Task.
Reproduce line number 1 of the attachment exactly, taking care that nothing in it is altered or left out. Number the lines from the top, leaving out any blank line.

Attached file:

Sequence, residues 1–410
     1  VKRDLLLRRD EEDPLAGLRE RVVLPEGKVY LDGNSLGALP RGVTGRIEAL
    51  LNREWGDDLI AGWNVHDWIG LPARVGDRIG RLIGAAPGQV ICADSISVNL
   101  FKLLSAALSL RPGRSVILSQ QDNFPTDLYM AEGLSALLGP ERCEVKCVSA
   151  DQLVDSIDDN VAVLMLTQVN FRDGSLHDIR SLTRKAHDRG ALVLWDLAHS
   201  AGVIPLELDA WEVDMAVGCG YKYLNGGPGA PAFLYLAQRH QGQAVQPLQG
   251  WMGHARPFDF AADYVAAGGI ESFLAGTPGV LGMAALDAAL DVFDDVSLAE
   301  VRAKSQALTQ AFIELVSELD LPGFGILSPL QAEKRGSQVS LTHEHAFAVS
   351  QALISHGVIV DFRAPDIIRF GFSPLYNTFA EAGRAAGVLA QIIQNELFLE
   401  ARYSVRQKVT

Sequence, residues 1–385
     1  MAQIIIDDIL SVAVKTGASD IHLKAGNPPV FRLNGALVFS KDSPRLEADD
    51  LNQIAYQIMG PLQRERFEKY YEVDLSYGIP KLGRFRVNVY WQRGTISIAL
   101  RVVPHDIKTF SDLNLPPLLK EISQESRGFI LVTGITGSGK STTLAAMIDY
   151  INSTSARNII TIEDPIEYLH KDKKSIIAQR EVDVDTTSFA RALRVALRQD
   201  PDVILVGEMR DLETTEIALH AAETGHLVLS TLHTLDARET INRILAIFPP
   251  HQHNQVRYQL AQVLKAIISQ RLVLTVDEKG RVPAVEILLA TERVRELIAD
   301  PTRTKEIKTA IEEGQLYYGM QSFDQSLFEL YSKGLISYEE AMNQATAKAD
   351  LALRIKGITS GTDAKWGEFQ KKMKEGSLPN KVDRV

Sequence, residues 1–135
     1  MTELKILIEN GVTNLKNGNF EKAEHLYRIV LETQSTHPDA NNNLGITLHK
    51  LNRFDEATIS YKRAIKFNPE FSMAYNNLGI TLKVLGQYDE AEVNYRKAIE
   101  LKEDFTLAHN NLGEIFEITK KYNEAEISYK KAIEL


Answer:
Sequence, residues 1–410